The questions were perhaps redundant: what could the shattered All Blacks say after they had left so much on the field in their 12-11 Rugby World Cup final loss to South Africa?
Playing the majority of the match a man down after captain Sam Cane was red-carded in the first half, New Zealand were a hair's breadth from snatching the World Cup back from the defending champions.
But the All Blacks fell agonisingly short as their great rivals moved alone to the top of the tree with four titles to their name.
"To come within a whisker of pulling it off ... it's heartbreaking," New Zealand's outgoing coach Ian Foster said at the end of a pulsating and fluctuating clash.
"I'm proud of our guys, to go down to that red card so early and fight our way back and give ourselves a chance is pretty special.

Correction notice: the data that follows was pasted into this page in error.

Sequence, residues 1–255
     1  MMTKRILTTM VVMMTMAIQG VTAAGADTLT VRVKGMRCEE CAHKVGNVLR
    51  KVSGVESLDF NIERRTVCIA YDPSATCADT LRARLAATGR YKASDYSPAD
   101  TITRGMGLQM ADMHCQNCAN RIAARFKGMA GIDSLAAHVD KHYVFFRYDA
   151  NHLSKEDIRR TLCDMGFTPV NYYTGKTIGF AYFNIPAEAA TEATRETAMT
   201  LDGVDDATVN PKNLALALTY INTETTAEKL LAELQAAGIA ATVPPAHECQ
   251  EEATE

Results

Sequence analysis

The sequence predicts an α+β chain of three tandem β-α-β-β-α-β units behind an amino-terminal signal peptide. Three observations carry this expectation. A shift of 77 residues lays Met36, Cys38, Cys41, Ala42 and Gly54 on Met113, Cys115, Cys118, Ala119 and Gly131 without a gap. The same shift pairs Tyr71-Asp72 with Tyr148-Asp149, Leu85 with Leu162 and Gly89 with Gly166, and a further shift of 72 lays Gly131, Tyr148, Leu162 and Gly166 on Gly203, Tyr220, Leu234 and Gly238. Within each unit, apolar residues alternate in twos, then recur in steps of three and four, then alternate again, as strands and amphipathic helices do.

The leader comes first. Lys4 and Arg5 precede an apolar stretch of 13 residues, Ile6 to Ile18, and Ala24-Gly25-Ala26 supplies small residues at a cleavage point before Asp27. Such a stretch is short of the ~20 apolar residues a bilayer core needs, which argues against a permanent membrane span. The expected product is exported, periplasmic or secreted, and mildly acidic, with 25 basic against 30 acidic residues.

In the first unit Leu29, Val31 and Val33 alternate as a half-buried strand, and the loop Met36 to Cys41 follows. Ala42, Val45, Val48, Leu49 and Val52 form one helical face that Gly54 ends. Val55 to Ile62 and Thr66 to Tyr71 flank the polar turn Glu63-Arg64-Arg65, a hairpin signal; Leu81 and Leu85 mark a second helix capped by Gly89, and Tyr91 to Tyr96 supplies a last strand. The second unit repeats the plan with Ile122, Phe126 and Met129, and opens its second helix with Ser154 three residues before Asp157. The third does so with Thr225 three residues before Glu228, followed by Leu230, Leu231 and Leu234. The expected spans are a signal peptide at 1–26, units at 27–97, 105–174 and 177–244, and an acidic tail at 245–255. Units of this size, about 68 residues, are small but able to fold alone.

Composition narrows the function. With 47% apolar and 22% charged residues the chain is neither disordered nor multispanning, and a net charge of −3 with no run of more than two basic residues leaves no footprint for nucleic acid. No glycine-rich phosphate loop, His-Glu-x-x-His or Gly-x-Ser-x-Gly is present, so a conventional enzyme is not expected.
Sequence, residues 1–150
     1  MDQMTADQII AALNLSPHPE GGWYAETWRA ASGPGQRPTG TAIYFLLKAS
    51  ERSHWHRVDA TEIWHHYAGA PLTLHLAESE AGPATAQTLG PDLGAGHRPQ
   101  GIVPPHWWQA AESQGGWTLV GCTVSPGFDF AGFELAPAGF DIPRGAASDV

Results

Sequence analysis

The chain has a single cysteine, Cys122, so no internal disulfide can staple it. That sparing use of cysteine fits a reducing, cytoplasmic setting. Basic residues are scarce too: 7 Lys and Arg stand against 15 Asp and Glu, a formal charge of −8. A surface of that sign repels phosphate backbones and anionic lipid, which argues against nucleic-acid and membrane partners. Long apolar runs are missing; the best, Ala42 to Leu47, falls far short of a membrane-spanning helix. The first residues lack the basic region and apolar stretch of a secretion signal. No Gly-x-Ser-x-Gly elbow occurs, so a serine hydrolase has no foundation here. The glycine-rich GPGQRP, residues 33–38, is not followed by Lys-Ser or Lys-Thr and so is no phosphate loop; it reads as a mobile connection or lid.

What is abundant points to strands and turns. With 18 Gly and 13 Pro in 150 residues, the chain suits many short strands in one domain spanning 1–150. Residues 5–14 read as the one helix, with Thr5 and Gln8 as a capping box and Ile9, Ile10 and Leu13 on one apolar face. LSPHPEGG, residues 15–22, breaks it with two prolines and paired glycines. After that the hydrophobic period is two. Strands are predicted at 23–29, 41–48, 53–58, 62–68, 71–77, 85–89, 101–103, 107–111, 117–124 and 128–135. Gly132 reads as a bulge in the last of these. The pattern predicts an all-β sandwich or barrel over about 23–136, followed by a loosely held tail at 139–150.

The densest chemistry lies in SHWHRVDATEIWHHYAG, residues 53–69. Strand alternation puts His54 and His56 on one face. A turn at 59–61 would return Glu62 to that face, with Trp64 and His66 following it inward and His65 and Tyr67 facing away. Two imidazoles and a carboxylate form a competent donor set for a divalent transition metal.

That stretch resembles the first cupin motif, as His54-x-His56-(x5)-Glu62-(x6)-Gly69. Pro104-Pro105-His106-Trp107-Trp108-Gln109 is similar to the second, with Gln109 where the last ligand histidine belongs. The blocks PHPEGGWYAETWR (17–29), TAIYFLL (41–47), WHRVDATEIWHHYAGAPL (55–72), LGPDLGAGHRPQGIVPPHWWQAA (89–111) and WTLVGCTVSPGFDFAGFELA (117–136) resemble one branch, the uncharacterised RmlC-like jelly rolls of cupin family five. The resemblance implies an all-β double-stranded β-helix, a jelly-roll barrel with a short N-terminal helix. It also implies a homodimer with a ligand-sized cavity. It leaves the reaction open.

"I don't think it went wrong in any clear (way), it was a real arm wrestle, both teams had their moments.
"I'm incredibly proud of the way we fought."
It was a titanic battle between the sport's two heavyweights.
Few could have expected New Zealand to come so close when their captain Cane was sent off after half an hour, penalised for a high tackle.
"It's gut-wrenching for him, frustrating for us," Foster said.
Gut-wrenching it was, Cane was distraught.
"I'm extremely gutted," he said, hollow with disappointment as he stood expressionless on the side of the Stade de France pitch as the Springboks celebrated their triumph.
"First of all that the guys had to play with 14 men for the last 50-odd minutes ... the courage they showed out here tonight was incredible, the whole team are absolute warriors."
Disappointed though he was, the 31-year-old was magnanimous in defeat.
"It's tough (but) I'd like to say well done to South Africa," he said.
"Back-to-back (champions), they have been a fantastic team.
"They have had a heck of a tough road to the final and time and time again they have shown a way to win."
Australian Associated Press